Syrian President Bashar al-Assad waves to supporters after making a speech to Parliament in Damascus on March 30.
Many Fridays this year have proved to be decisive for protest movements throughout the Muslim world. The primary day of prayer has turned into an organizing tool, and protesters in Syria are calling for massive turnouts this Friday.
They may be disappointed — or so successful that they prompt Syrian President Bashar al-Assad to announce new concessions, following his lifting of decades-old emergency laws on Tuesday.
Regardless, the protests that have already spread to many Syrian cities and towns over the past month demonstrate one thing: Unrest across the Middle East and North Africa has not yet run its course.
"People's sensibilities have changed and they see these elites can be toppled," says Augustus Richard Norton, an international relations professor at Boston University. "I think the last few months are only an appetizer for what's to come."
Ending The Fear Factor
There may be no regimes at this point that look ready to fall, but the social dynamic that has long been dominant in most Muslim countries — namely, the "fear factor" — has been shattered, suggests Rajan Menon, a political scientist at City College of New York.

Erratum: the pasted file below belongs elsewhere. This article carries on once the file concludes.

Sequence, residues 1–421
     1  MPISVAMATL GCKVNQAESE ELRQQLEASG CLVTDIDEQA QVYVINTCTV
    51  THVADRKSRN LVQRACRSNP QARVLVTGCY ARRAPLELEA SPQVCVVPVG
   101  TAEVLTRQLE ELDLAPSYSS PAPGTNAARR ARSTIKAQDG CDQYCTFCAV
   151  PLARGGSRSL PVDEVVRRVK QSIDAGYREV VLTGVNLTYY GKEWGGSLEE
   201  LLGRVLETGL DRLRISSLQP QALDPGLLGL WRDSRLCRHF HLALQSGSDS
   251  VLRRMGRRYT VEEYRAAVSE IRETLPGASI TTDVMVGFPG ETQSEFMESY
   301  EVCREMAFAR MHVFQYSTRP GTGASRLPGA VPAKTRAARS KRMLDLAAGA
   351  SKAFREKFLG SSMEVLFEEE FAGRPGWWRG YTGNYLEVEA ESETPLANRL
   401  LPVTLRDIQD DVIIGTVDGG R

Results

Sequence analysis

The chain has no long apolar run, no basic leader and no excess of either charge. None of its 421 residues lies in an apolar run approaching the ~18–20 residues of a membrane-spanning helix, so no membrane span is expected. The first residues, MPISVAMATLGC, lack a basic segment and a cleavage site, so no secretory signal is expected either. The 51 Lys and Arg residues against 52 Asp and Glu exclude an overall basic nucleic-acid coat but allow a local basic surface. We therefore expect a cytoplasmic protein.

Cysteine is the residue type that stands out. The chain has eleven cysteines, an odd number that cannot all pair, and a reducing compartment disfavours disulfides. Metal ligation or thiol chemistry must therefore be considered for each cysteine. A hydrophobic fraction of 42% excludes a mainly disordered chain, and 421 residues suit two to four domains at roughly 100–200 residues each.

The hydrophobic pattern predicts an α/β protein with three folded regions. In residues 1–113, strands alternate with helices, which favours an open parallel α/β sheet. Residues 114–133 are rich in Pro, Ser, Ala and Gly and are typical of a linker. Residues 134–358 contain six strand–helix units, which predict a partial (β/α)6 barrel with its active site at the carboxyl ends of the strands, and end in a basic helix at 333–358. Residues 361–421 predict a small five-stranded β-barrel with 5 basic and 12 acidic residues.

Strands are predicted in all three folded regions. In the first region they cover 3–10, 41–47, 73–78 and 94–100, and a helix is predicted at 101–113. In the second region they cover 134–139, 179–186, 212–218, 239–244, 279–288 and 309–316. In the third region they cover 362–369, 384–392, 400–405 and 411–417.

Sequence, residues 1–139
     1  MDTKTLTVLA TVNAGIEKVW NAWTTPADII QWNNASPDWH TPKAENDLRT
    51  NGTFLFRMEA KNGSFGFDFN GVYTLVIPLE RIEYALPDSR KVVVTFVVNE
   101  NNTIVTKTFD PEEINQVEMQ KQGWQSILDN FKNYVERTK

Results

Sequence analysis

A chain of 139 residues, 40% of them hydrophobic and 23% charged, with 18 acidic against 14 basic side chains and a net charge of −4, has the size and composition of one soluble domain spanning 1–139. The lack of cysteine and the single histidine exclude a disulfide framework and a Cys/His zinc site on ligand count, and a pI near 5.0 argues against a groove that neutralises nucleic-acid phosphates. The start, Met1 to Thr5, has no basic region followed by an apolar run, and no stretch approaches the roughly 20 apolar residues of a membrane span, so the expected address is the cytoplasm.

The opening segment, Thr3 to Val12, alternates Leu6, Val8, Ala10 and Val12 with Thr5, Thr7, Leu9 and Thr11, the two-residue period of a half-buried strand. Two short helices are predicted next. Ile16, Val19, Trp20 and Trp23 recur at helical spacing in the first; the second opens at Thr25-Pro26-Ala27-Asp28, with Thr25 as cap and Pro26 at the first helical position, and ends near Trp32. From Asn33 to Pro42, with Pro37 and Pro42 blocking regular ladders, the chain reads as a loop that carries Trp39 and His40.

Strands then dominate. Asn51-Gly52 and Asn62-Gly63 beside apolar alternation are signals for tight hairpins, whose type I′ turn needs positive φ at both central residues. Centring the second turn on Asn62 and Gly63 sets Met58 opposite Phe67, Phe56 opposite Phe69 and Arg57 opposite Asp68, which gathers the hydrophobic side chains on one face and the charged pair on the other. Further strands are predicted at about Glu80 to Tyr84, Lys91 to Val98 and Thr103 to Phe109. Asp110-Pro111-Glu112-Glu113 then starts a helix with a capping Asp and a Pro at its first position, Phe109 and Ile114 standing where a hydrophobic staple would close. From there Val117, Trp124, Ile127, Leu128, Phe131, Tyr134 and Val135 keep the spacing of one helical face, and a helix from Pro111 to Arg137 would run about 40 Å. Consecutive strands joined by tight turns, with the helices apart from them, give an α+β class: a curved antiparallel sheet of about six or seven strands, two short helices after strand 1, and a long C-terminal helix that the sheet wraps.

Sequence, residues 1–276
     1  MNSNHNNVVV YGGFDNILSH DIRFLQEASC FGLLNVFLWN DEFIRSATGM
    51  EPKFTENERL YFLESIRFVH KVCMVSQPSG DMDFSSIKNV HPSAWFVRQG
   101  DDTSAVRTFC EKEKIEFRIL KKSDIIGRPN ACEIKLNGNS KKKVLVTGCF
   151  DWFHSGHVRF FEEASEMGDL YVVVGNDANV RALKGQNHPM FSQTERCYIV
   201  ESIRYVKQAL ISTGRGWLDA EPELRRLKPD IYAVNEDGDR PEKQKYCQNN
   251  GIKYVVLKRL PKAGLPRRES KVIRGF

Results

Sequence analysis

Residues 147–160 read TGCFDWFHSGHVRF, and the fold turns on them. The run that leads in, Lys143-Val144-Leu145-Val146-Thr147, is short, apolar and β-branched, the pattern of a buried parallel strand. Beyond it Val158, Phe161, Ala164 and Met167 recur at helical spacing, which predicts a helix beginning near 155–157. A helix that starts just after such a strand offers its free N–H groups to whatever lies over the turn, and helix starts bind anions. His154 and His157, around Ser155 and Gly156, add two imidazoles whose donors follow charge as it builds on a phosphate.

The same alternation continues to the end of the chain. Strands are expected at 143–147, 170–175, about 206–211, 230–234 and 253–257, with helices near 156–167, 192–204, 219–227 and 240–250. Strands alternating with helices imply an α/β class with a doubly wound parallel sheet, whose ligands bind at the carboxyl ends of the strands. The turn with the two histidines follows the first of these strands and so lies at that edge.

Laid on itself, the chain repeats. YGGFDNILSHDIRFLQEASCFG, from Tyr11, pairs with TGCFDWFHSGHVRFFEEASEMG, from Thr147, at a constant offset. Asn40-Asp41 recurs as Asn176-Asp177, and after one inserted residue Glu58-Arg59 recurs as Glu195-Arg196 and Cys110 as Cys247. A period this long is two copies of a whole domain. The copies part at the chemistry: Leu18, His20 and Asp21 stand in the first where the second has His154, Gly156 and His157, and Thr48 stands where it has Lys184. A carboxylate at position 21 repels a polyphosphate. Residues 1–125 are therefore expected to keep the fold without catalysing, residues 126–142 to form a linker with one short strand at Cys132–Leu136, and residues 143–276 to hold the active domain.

A fire has been set that could flare up again at any time. Headlines suggesting the "Arab world has changed forever" may have been premature, Menon says, but it's possible that countries appearing as stable at the moment could suddenly erupt at any time — be it in six months or two years.
It may be purely local events that prompt such protests, but conditions for them will be deeply informed by the changes that have occurred in neighboring societies this year.
If there is a revolutionary wave, it has broken differently upon different shores.
How Middle Eastern and North African nations have responded to popular unrest has been, in part, based on economic circumstances, with some oil-rich Gulf states able to dampen dissent through increased salaries and direct cash benefits to citizens.
Responses, too, have differed at times based on the kinds of political systems in these nations. The monarchies have weathered the storm well so far. Nations with functioning democracies, such as Lebanon, Algeria and Iraq, also have been less prone to mass demonstrations, says Michael O'Hanlon, a senior fellow in foreign policy studies at the Brookings Institution.
That may be because their systems allow regular outlets for dissent, or it may be due to the fact that their "rough and tumble politics" have already led to a lot of violence, O'Hanlon says. They may be less ready to open the door to upheaval because they already "have enough battle scars through their own experience."
It's the "hijacked or quasi-democracies," he says — the countries that hold elections but have evolved into autocracies — that have proven the most vulnerable. That category includes Tunisia, Egypt and Yemen.
But not many others in this region.
"If you think through those categories, I'm not sure how many dominoes there are left to fall," O'Hanlon says. "But, I may have to revise this in two or three months. Are we just getting a temporary breathing spell, or is something more fundamental really afoot?"